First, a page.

SAN DIEGO — San Diego County subjected hundreds of staff to race relations training that depicted the Republican Party as racist.
More than 400 healthcare workers participated in a three-day online critical race theory class that depicted the United States as a racist nation with “white supremacy codified into our nation.” The Washington Examiner reviewed the 82-slide PowerPoint presentation along with the contract that paid $25,050 to instructor Reginald Caldwell, described in the document as “an experienced facilitator with expertise in this area.”
The presentation included a photograph of a recent rally where people were holding American flags and a sign that said, “Republicans United for Peace and Prosperity.” The photo was placed next to an image of a Ku Klux Klan rally and underneath photos of racist Jim Crow-era signs and a swath of Confederate flags. The four images were on the third page in a series with headlines that said, “Racism started when the puritans landed in America,” “Our ‘Founding Fathers,’” and “…and it CONTINUED AND CONTINUES.”
Hans von Spakovsky, a Heritage Foundation senior legal fellow who worked on tort reform and civil justice issues in the private sector for more than a decade, told the Washington Examiner that the content was not only “racist stereotyping” but may also have violated a federal law prohibiting engaging in political activity while on the job at a government entity.
“Apart from the absolutely horrendous racist stereotyping that this training is just completely full of, to the extent that any such training engages in partisan attacks, if they are getting federal funding this is a violation of the Hatch Act,” he said.
The Hatch Act prohibits on-the-job partisan expenditures and activities by federal employees or agencies and, by extension, municipalities that receive federal funding. The county of San Diego receives hundreds of millions of dollars in federal healthcare funding on a continuous basis, including $388 million last year for the COVID-19 vaccination and treatment campaign.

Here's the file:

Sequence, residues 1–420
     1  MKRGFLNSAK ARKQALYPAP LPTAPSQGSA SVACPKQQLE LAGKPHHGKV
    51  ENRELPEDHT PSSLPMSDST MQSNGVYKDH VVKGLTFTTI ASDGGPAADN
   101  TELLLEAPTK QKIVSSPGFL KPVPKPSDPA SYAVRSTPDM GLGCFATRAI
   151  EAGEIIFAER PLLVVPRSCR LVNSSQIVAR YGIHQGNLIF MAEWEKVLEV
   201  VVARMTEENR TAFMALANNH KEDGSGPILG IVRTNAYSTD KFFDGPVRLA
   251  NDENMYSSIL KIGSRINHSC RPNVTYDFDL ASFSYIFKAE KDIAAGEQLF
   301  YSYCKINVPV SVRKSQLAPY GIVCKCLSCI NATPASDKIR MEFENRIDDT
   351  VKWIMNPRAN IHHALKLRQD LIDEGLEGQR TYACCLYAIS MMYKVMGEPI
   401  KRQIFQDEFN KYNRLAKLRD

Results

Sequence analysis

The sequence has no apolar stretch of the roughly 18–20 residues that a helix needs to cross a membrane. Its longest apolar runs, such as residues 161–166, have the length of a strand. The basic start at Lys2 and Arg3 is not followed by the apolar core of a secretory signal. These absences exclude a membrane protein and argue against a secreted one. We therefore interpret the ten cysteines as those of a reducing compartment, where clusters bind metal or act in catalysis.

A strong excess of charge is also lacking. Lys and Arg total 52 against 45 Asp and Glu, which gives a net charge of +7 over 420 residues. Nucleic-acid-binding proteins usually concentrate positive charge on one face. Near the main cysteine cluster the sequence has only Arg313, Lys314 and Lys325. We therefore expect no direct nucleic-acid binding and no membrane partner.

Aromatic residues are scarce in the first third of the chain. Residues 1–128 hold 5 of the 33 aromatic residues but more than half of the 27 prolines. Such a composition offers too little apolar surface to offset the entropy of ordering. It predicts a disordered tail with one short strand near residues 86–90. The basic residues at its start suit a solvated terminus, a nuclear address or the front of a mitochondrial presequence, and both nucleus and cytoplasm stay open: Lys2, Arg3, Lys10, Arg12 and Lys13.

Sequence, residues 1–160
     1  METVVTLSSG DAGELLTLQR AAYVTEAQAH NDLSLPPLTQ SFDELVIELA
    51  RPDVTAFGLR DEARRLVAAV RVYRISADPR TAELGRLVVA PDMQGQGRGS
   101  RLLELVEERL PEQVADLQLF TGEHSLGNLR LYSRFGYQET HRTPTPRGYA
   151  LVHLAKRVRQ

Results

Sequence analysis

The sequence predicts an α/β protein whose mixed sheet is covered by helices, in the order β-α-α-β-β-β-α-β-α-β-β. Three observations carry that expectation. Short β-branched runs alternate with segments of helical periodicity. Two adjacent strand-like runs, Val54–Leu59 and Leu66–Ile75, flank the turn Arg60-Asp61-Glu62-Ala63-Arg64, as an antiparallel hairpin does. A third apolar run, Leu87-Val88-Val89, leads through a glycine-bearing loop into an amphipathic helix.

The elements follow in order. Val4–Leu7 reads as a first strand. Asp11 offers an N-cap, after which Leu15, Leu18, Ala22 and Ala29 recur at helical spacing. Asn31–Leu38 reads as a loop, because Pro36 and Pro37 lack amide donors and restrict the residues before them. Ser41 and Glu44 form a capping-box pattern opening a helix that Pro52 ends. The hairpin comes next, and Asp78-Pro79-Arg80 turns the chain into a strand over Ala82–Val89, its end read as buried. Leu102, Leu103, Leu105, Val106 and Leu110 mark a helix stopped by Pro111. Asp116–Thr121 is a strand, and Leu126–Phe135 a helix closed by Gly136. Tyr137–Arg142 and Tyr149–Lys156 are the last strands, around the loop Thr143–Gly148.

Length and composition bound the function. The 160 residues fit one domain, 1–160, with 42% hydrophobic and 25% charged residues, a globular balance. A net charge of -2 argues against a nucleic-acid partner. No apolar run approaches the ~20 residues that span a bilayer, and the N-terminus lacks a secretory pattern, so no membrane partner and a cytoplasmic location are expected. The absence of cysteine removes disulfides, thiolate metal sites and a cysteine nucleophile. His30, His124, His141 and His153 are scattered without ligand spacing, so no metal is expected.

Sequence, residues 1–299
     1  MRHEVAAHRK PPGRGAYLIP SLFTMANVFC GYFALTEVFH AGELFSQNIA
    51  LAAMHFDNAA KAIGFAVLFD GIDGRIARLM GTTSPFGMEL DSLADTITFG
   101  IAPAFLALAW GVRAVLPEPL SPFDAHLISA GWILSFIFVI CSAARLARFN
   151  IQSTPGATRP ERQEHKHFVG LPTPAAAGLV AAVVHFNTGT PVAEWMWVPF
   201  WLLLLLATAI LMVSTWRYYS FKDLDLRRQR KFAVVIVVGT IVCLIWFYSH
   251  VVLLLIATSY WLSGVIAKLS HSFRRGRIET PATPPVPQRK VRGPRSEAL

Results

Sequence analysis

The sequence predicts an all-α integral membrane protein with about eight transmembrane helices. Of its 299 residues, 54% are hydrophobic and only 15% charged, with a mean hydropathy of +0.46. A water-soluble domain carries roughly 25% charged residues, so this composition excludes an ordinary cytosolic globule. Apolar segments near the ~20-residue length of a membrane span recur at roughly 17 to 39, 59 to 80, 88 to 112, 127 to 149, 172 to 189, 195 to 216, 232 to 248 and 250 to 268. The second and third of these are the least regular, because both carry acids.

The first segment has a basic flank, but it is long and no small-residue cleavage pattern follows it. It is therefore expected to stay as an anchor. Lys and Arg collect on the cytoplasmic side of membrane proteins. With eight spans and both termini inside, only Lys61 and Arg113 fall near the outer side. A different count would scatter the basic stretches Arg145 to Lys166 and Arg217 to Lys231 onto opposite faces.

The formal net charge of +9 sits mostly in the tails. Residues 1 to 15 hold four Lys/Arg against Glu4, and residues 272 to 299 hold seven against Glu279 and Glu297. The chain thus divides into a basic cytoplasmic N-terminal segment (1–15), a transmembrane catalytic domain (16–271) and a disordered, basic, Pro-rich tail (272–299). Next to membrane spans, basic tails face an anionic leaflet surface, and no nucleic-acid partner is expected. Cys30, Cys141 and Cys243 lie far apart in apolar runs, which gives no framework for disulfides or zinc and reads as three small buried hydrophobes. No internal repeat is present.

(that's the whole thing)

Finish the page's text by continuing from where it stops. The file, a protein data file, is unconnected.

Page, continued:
“This is partisan activity. This training is full of racism, and they can’t even get basic facts right,” von Spakovsky said. “I am shocked at this kind of racist stereotype training is being conducted. It is no different than the type of things we were being taught in the 1920s. All they did is reverse the races.”
The county’s training is a thinly veiled message that Republicans are bad, said Shawn Steel, a Republican National Committee chairman from California.
“You shouldn’t vote Republican because they are a bunch of racists,” he said of the message. “It opens up the county to a harassment lawsuit, and it’s a hostile work environment. Any employee could sue the county for racial tensions.”
Although the training was targeted to the county’s Health & Human Services Agency, only a few of the slides were geared toward health. One slide states:
“White Privilege in Motherhood Looks Like:
· Being offered pain medication
· No one asking who the father is
· People not judging your financial status”
Some slides made political statements such as “Black Lives Matter” and contained a photograph of a George Floyd memorial. Most, however, had statements such as America “created a hierarchy with all whites at the top” or some variation.
One slide said: “If you are descendant of enslavers, if you are the descendant of colonizers, if you are the descendant of those who have caused massive harm, your assignment, your ancestral task is to heal your ancestral line.”
San Diego County spokeswoman Sarah Sweeney said the contract was funded by the Kresge Foundation, and “no funds from any other source were utilized.”
The Kresge Foundation has expressed concerns that racism is a barrier toward obtaining quality healthcare for all. Sweeney also said the photo with the Republican sign was not a Republican rally but was rather lifted from a Wall Street Journal article about extremist groups. The people in the photo were attending a reopen Michigan rally on April 30 to protest a yearlong lockdown.
“This was an optional training for employees, so all who attended elected to take it,” Sweeney added.
“When your job tells you to attend a training, it’s inferred that it is mandatory,” DeMaio said. “I think they are just trying to get out of this. As for the photograph, why not use a picture of antifa burning down one of the many black businesses in Minneapolis last summer?”
The same employee later told the Washington Examiner that the training was required and called it offensive.
“Reggie explains in the class that, ‘Only white people can be racist, no other BIPOC’s (Black, Indian, and people of color) can be racist,’” the employee said.
Critical race theory started as a movement in the 1980s and posits that the law and legal institutions are inherently racist and something white people use to their advantage, according to Britannica. Training for the concept has been expanding across the country, including in the federal government and in schools.